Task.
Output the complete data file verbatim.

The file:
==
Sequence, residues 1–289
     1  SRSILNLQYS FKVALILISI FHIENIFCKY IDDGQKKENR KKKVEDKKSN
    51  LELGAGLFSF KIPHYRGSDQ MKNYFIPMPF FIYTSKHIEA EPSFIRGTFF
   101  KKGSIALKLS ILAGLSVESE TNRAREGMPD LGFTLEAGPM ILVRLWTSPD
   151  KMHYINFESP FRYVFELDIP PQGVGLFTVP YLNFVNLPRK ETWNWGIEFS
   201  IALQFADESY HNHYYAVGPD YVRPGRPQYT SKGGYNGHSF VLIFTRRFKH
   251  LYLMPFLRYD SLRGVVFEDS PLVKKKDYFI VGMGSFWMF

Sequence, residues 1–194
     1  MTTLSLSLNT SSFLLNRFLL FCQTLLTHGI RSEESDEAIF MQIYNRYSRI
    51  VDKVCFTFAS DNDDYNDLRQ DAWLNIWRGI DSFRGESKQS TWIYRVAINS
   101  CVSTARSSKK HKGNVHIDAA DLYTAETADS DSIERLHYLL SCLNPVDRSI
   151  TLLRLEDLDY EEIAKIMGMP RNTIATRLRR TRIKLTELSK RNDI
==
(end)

Sequence, residues 1–289
     1  SRSILNLQYS FKVALILISI FHIENIFCKY IDDGQKKENR KKKVEDKKSN
    51  LELGAGLFSF KIPHYRGSDQ MKNYFIPMPF FIYTSKHIEA EPSFIRGTFF
   101  KKGSIALKLS ILAGLSVESE TNRAREGMPD LGFTLEAGPM ILVRLWTSPD
   151  KMHYINFESP FRYVFELDIP PQGVGLFTVP YLNFVNLPRK ETWNWGIEFS
   201  IALQFADESY HNHYYAVGPD YVRPGRPQYT SKGGYNGHSF VLIFTRRFKH
   251  LYLMPFLRYD SLRGVVFEDS PLVKKKDYFI VGMGSFWMF

Sequence, residues 1–194
     1  MTTLSLSLNT SSFLLNRFLL FCQTLLTHGI RSEESDEAIF MQIYNRYSRI
    51  VDKVCFTFAS DNDDYNDLRQ DAWLNIWRGI DSFRGESKQS TWIYRVAINS
   101  CVSTARSSKK HKGNVHIDAA DLYTAETADS DSIERLHYLL SCLNPVDRSI
   151  TLLRLEDLDY EEIAKIMGMP RNTIATRLRR TRIKLTELSK RNDI